The Twilight of Cutting: African Activism and Life after NGOs is an unsettling feminist ethnography that traces the movements of three objects: the endings of female genital cutting in Ghana, their relationship to anti-cutting campaigns and the forms of governance they instantiate, and the role anthropology and feminism have played in this governance since colonial rule. It makes the case that the three objects must be studied together: namely, that we need to understand the practice of female genital cutting alongside its endings; that cutting does not exist outside of anti-cutting campaigns; and that anti-cutting campaigns are entangled with both feminism and anthropology and do not exist outside them. It invites the reader to encounter the life worlds of Ghanaian women who have experienced female genital cutting and invested themselves in ending it, as well as Ghanaian activists and civil servants who worked to bring about this change and in so doing, reckoned with their own complicity with injurious forms of governance.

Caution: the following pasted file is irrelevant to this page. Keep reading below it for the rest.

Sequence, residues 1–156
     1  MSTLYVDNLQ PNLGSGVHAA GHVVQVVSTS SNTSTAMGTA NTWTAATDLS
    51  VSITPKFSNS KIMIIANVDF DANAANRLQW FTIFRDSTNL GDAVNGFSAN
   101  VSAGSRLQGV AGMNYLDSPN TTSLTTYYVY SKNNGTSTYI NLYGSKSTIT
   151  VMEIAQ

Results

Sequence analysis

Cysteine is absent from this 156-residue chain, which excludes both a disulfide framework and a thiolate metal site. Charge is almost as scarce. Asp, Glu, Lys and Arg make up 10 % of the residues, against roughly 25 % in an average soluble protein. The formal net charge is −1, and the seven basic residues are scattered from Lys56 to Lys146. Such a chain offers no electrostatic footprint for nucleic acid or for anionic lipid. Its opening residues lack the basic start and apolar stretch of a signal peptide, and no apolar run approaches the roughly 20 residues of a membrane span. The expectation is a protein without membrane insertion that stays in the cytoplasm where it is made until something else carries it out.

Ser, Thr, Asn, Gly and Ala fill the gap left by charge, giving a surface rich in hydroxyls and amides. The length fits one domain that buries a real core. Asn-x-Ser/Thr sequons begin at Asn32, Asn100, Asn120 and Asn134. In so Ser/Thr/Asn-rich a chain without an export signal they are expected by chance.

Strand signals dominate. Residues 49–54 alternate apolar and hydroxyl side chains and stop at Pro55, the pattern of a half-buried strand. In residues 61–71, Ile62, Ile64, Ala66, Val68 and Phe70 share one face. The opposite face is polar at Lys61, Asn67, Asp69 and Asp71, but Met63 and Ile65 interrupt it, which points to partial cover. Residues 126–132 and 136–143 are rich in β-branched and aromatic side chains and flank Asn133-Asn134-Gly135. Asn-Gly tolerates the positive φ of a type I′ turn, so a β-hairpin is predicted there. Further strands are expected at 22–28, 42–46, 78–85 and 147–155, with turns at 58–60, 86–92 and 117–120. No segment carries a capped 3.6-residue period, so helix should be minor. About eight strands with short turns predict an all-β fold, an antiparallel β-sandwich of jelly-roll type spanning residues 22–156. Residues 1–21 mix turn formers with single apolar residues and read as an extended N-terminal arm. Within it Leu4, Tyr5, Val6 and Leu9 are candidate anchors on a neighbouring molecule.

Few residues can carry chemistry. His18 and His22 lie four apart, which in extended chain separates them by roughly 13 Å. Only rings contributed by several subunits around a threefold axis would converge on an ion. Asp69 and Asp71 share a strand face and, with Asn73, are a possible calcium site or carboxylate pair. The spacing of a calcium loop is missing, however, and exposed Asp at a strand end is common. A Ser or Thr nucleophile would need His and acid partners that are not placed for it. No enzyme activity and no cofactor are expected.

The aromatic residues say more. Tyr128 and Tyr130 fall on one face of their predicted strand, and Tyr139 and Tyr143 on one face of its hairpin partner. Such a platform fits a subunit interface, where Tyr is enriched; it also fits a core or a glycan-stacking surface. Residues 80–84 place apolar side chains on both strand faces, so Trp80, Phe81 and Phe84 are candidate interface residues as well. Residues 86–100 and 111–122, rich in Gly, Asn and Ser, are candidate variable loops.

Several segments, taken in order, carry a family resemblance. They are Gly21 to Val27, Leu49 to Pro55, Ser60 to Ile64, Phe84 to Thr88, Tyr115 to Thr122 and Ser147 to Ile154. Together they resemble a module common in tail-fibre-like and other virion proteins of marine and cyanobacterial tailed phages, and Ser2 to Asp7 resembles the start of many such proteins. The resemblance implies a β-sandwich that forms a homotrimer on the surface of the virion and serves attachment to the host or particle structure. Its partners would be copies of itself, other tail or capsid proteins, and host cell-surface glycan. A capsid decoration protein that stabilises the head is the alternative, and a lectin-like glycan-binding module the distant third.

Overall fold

"Perhaps Discomfort is the Answer: Refusing Liberal Feminism and Imperial Cartographies of Thinking/Feeling,"
Wagadu: A Journal of Transnational Women's & Gender Studies: Vol. 23:
1, Article 19.
Available at: https://digitalcommons.cortland.edu/wagadu/vol23/iss1/19